Traditionally, married couples in Florida and elsewhere have shared everything, including bank accounts. That trend is slowly changing, though, especially as Millennials appear to be redefining traditional marriage. In fact, a recent study found that more than a quarter of all Millennial couples are ditching jointly held bank accounts in favor of separate accounts. This number is more than double the rate at which couples in Generation X and the baby boomer generation opted for separate bank accounts. One reason for this change may be the fact that it is easier for couples to repay each other, especially given the number of apps available to make these transactions quick and simple.
Another major reason for this shift, though, could be that many Millennials saw first-hand the financial challenges brought about by divorce when a couple shares everything. Property division, after all, can have serious financial ramifications for an individual's post-divorce life. By keeping accounts separate, many find themselves comfortable knowing where they stand, financially speaking, should their relationship come to an end.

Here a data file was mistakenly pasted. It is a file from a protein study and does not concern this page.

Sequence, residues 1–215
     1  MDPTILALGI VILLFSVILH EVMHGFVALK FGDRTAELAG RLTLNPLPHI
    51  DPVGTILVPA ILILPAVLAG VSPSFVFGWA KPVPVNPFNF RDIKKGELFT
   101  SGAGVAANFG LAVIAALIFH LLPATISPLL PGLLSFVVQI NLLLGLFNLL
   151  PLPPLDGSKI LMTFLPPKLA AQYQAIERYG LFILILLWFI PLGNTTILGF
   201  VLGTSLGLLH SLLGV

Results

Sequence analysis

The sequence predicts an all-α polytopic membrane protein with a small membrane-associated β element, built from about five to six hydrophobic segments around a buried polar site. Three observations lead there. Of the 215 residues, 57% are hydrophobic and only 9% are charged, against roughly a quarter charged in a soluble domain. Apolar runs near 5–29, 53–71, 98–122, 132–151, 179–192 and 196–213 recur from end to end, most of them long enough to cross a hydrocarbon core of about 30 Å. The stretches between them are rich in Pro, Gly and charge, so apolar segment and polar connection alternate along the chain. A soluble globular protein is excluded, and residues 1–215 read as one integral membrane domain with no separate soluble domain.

However, the truth of the matter is that the fact that just because accounts are held separately does not necessarily mean that they won't be subjected to the property division process in the event of a divorce. In fact, oftentimes these accounts are deemed marital in nature. This is because in equitable distribution states like Florida, assets acquired during the course of a marriage, including income, are generally considered marital property and therefore subject to property division. One benefit of these separate accounts, though, is that they can provide quick financial relief in an emergency, such as when a divorce petition is filed, and an individual is locked out of other accounts.
Of course, property division is a difficult thing for many Floridians to tackle when they find their marriages falling apart. However, qualified legal professionals may be able to help them gather the evidence and craft the arguments they need to protect their financial interests.